Sch. Lake Serpent located! Oldest shipwreck in Lake Erie.
Tank barge Argo discovered! Mystery of sinking solved as the barge lies upright and intact on the lake bottom.
Steamboat Anthony Wayne located! Believed to be the oldest steamboat sunk in Lake Erie.
The Nineties are now complete! All forty 1990 - 1999 Inlands Seas journals.
The Inland Seas Archival Collection, Nineties Edition is now available.
One of the Great Lakes most valuable sources of
historical information from The Great Lakes Historical Society. Ships, schooners, barges and sailors of our past
in fascinating stories of Lake Superior, Lake Michigan, Lake Huron, Lake Erie and
Lake Ontario including shipwreck and survival. Keep up to date on the
latest developments in Ohio's underwater preserve efforts on the
An all new Side Scan Sonar page has also been added detailing survey information
and underwater discoveries. Follow the activities of the US Revenue Cutter
ERIE as she executes her duties on Lake Erie
from 1833 - 1846
2017 The season started late with a scheduled trip to Canada searching for the long lost Steamboat Kent. Several previous searches have been undertaken without success as far back at the 1980s. This wreck is elusive but it will be found. Ten days of steady searching did not produce any likely targets and no other shipwrecks were found either. As the saying goes...... "we know were they are not". The wind was co operative however and we managed to cover a lot of lake bottom. This is narrowing down the possible areas left to search.
Returning home, we continued the searching northward to the Canadian international line. In the meantime, Rob Ruetschle found the Str. Margaret Olwill off Lorain. Sunk in 1899 this propeller is largely broken up. A real disappointment as far as condition is concerned. The stern is completely gone and the bow is a huge lumber pile. Unfortunately, the visibility was very low in the two to three foot range making identification and orientation around the wreckage complicated. A couple of dives were make to locate the engine and confirm the boilers were not on the wreck. Hopefully, the visibility will be better next year for further study of this important wreck.
2016 The weather was the big story for this year. Searching requires precise location and tracking in the search area to not only find a shipwreck but also to be certain all the bottomland has been covered without skips or gaps. When the wind over the open lake surface exceeds 10 kts, the waves are strong enough to make accurate steering of the boat difficult. The risk of missing targets is too great and limits are set to avoid this. As the search areas expand to further and further distances, it is even more important to have confidence in the weather forecast. Running the full distance to setup a search only to be "blown off" is always a concern. This year the winds over Lake Erie were many times more than the 10 kt. limit. Frustrating! While many trips were cancelled, many were completed with the discovery of two (and possibly three) new shipwrecks. The two new discoveries are both schooners. Identities are still in question but one is fairly certain to be a well documented wreck for the mid 1800s. The other needs additional dive work for basic survey information to be collected. The wreck appears to be carrying a load of coal which will help in the identification. The third possible shipwreck was only scanned with sonar and needs to be "ground truthed" before confirmed as a shipwreck but as the saying goes...... "it's looking good"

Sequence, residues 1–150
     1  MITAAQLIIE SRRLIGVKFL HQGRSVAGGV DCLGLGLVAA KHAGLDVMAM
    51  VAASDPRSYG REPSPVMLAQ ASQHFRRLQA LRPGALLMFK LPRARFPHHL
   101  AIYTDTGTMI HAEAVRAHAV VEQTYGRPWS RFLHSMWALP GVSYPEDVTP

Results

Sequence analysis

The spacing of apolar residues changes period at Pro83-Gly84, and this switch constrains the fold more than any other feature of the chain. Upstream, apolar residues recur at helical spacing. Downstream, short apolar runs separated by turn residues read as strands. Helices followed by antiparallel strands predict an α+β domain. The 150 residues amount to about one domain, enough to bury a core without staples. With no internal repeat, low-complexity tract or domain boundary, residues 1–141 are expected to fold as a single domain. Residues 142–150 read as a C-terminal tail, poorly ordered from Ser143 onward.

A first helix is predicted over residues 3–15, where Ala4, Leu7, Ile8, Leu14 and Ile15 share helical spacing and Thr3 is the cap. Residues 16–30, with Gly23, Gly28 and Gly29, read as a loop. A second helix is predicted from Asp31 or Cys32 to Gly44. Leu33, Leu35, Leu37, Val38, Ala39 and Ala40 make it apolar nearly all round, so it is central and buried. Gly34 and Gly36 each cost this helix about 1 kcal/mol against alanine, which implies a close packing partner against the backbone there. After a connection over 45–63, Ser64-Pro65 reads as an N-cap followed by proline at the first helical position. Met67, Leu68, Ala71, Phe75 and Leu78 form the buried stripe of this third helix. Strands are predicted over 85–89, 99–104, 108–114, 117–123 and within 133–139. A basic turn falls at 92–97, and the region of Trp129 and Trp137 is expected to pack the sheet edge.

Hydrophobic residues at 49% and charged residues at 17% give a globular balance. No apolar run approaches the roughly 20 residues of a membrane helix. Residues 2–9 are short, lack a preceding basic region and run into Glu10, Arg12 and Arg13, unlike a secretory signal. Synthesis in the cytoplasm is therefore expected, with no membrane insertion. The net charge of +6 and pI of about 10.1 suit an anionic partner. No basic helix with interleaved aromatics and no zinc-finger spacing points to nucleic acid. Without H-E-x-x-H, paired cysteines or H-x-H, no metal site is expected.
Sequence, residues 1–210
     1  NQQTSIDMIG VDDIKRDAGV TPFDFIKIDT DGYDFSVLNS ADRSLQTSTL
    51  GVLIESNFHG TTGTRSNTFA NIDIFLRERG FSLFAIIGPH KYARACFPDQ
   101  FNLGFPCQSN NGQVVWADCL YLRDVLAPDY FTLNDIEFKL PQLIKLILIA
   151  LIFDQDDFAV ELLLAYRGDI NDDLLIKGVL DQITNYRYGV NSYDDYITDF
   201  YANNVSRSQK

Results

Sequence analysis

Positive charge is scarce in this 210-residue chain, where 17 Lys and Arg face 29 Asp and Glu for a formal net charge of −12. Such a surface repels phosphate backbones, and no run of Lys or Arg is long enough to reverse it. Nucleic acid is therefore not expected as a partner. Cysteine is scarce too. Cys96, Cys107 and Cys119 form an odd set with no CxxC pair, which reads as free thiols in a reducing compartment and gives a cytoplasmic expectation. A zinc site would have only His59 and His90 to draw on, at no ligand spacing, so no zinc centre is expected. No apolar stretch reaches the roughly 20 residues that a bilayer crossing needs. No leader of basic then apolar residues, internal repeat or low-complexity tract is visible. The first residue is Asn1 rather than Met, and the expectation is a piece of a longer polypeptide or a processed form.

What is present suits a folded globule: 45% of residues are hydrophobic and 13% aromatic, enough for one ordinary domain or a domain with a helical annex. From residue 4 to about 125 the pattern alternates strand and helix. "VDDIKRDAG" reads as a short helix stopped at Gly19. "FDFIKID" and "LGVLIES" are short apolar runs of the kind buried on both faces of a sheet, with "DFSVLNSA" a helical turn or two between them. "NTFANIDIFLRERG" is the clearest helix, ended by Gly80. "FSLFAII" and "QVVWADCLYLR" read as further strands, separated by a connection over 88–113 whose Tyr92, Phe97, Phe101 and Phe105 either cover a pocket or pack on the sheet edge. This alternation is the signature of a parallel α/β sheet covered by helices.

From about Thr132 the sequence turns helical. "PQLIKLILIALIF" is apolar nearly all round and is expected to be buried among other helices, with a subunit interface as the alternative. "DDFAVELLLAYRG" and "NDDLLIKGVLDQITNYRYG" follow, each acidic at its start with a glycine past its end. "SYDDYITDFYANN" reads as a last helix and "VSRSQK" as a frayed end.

2015 turned out to be an exceptional year for discovery. While searching the target area believed to contain an early 19th century schooner lost in 1846, the steel tank barge ARGO was located. This discovery lead to contact with the United States Coast Guard District 9 in reporting this potential environmentlally dangerous shipwreck. Once publically announced, the media monitored the progress with international exposure including a feature on the Canadian TV show 16x9. Finally on December 17, 2015 the Coast Guard announced that all the oil cargo had been removed from the wreck and it no longer was a threat of pollution. The USCG was very co-operative and easy to work with while the wreck was initially investigated. When we confirmed that it was actively leaking they immmediately responded to contain and eliminate the threat. On February 17, 2016 we received a letter of appreciation from the Commander, Sector Detroit expressing gratitude and thanks for our efforts. While the ARGO was stealing the show, at least two additional shipwrecks were located. One is possibly of significant historical interest. Further research and investigation of the wreck site will provide clues to its identity. While exciting, it turns out that neither of these new wrecks are the one we have been looking for. The search area is far past the primary location. A decision will be made to go back and re-scan some of the target area if this elusive schooner does not show up soon in the current search pattern.